Adding extra meta data into Pulse


#1

Some of you will have seen my post on Twitter recently about wanting to add extra meta data to the blog editor in Pulse.

I’m in the process of developing a script for a project that relies on a certain amount of information being scraped from Pulse blog posts. Most of the data I need is covered by Pulse already; post title, post date, post content etc but I also need at least one extra line of user supplied data. I thought about tacking this on to the end of the blog content or asking the client to hide it in an HTML comment but after exploring these options they all seemed like pretty basic hacks and didn’t make the workflow look at all nice.

What I’ve done is to extend Pulse to allow for an extra two meta data fields. These are displayed along with the blog post title and date. The data for the fields is stored alongside the original blog post file (1.txt, 2.txt, etc) and is stored in an html file so as not to get listed by Pulse as a blog file itself. What you’ll end up with is a blog directory that contains the original blog file (1.txt for example) and the meta data for that post (1-meta.html).

These alterations to Pulse will work of my project and may be useful to others but it comes with a few limitations that you should be aware of;

  • This is experimental work. Use it with caution, or ideally, not at all!
  • The core file admin/inc/open.php had to be manually edited. If you update Pulse in the future this file will get written over and you’ll lose this extra functionality.
  • It only works with blog posts. If you want it work with pages as well then you’ll need to edit the files.
  • The extra meta data fields are hard coded into the extrameta.php file. The file needs to know how to both read and write the data back to the file and this is where that happens.
  • The script only supports text data. If you can represent your data as text then it should work for you. Ideally this should be extended so you can define anything here; image uploads, checkboxes, select lists, sliders etc.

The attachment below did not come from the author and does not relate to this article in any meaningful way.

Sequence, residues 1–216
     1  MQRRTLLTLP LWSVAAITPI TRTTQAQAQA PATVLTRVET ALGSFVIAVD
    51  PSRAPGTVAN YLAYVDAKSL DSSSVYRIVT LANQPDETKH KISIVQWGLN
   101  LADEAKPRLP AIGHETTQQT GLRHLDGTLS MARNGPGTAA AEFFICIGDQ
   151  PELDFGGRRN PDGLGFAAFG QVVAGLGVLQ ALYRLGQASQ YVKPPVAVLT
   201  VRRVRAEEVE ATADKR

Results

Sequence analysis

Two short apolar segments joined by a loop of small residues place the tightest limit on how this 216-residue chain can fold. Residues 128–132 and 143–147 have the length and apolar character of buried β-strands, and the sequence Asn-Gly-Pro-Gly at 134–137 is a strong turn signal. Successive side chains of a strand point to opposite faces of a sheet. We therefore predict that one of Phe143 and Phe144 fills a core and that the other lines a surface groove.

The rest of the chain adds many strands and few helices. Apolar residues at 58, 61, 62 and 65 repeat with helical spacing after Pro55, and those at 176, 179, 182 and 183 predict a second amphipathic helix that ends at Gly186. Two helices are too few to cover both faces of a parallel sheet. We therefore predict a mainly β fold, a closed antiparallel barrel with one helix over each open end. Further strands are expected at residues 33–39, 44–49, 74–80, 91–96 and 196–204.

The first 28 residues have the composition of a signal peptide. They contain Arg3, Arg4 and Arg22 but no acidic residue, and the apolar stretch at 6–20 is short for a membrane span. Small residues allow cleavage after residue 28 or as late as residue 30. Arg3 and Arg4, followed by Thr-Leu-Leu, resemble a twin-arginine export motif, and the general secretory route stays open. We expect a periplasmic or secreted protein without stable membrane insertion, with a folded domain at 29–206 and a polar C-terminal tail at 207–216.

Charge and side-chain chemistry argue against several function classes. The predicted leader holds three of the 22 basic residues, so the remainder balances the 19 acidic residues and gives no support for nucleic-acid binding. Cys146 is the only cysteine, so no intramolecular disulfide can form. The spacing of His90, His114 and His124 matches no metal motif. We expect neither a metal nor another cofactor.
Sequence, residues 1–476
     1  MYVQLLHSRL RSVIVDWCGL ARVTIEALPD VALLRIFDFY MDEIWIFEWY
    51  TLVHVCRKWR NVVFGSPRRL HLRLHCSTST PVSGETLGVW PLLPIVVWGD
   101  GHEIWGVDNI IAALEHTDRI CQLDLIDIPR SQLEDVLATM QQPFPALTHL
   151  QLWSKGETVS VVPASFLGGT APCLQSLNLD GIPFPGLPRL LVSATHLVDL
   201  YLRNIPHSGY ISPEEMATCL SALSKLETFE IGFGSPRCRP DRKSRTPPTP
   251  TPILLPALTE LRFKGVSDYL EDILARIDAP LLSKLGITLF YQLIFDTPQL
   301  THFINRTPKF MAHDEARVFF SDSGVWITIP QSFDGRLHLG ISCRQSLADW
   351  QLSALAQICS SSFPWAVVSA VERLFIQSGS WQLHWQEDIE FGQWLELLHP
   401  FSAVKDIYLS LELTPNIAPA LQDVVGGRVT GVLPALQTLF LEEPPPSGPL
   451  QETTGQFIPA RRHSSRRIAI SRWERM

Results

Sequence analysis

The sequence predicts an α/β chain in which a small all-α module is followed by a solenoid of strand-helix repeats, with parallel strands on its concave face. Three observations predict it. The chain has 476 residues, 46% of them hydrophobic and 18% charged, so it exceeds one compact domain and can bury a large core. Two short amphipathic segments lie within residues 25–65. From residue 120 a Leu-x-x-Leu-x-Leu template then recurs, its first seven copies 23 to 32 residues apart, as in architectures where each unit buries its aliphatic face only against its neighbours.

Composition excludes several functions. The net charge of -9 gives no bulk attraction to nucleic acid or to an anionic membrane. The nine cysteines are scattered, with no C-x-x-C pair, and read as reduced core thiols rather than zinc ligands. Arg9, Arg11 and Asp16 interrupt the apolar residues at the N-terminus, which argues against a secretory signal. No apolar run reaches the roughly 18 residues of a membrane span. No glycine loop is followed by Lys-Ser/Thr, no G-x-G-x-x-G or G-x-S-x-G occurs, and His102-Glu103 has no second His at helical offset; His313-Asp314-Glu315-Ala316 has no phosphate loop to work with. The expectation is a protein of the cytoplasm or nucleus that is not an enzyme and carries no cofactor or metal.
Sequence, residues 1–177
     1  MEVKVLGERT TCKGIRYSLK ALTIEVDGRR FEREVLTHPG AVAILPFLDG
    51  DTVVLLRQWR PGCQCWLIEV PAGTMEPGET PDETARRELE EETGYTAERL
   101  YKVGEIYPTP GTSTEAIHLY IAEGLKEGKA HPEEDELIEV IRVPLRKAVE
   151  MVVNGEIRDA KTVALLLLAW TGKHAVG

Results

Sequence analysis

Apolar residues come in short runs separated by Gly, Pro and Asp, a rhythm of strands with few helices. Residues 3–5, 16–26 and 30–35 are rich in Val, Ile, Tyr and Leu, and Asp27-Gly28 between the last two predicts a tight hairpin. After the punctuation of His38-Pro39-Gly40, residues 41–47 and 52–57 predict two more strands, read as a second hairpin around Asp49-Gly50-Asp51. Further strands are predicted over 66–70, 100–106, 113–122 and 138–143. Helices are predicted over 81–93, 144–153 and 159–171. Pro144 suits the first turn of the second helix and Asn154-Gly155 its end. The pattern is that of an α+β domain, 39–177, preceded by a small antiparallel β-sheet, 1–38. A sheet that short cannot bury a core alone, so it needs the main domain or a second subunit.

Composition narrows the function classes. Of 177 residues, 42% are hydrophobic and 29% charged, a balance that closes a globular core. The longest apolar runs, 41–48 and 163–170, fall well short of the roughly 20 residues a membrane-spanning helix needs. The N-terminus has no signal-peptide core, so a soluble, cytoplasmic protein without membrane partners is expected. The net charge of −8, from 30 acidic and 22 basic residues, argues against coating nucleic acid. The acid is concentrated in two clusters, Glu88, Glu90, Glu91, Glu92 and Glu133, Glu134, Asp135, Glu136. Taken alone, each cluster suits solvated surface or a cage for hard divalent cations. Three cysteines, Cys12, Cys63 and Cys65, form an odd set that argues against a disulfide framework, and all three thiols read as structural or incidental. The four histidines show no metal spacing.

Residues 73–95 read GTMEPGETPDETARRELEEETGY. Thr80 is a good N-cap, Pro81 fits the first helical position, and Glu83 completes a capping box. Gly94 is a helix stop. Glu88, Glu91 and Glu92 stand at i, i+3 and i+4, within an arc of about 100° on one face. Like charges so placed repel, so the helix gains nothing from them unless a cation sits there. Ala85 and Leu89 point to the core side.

• To make use of this new data your theme (or super block) will need to go and find the file and extract the data itself. I’ll leave this as a exercise for the reader. :slight_smile:

Here are the files for this. They both live in the admin/inc/ directory. Be sure to have a backup of the original open.php file before you copy these in.

So here’s my feature request;
Can a future version of Pulse please have the ability to read in extra meta data config files like this?


#2

Well this is embarrassing. :blush: I just found an error in my edits to the open.php file so if you’ve already downloaded that zip file please download it again.


#3

I managed to add extra meta data for galleries too. By changing the captions.php file, gallery.txt can hold extra meta data (in the same file). Unfortunately the data is removed after deleting any of the images, since gallery.txt is completely rebuild by Pulse admin.
To work around this I’ve modified /admin/inc/delete.php by only changing line 36 of the 4.5.2 source file.

I changed:
if($image[0] == $del[2]){ } else { $new_data .= $image[0] ."|". $image[1]."|". $image[2] ."\n"; }
to:
if($image[0] == $del[2]){ } else { $new_data .= implode( "|", $image ) . "\n"; }

It would be great if this simple tweak would end up in the next version, so I can further develop this functionality and share it.


#4

Good work @sprksld. This looks really promising.

The more I think about how Pulse stores data in flat files the more I tend to veer towards wanting it to use something a little more robust like XML or JSON. At the moment the data structure works well for the current CMS features but all of this data is held in hard coded locations within the files. This was one of the reasons I used my own file for the extra meta data as I could be sure that it wouldn’t step on Pulse or the CMS wouldn’t step on my files.

A single data file per page/post/blog makes more sense and is a lot quicker but the data does need to be properly ring fenced so it can be easily added to and accessed without fear of clashes.


#5

Great work @sprksld and thanks @TimPlumb

Pulse 5 is moving towards storing some data in JSON

This allows a lot more flexibility including better security, blog tags, storing theme+plugin information and any other ideas (like these) we have later on once this in place :slight_smile: This should open a lot of doors into the future.

It means adding another directory or two to the Pulse files but still the footprint is small and the functionality benefit outweighs anything else.


#6

Oh and it’s fast too so no performance hit :slight_smile:


#7

Pulse5 has plenty of extra Meta data now :slight_smile:
http://help.pulsecms.com/article/10-version-history


closed #8